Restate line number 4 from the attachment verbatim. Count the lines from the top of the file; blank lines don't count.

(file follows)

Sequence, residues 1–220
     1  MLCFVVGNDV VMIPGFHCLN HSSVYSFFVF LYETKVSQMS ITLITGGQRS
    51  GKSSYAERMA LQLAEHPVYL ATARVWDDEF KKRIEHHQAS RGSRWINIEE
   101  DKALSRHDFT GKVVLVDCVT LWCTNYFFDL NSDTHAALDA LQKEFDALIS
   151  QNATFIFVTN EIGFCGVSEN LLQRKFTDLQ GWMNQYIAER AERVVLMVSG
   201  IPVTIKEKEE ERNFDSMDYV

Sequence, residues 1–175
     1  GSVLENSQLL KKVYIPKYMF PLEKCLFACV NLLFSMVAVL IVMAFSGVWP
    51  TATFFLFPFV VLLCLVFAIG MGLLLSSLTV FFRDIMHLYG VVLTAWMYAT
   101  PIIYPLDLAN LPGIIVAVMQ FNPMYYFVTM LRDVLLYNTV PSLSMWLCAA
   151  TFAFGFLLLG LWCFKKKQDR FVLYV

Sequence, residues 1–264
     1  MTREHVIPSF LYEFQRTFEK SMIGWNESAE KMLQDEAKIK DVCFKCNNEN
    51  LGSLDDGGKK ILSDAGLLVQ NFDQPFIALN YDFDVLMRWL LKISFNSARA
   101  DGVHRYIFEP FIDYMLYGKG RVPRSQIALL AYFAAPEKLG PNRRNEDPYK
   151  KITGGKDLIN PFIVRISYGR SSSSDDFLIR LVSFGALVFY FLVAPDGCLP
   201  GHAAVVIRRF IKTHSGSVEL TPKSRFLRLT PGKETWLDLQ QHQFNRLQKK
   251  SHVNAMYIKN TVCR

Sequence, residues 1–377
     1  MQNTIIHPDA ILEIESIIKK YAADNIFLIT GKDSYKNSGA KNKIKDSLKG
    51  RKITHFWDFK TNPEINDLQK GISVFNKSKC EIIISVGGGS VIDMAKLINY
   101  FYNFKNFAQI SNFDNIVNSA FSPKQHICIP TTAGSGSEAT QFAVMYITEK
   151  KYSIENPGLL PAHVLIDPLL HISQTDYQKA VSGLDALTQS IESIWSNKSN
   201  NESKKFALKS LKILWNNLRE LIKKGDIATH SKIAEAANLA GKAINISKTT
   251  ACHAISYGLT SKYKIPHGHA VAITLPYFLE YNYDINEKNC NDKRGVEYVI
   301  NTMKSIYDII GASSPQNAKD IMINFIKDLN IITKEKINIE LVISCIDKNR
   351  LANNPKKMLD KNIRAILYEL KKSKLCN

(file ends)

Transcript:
   101  DKALSRHDFT GKVVLVDCVT LWCTNYFFDL NSDTHAALDA LQKEFDALIS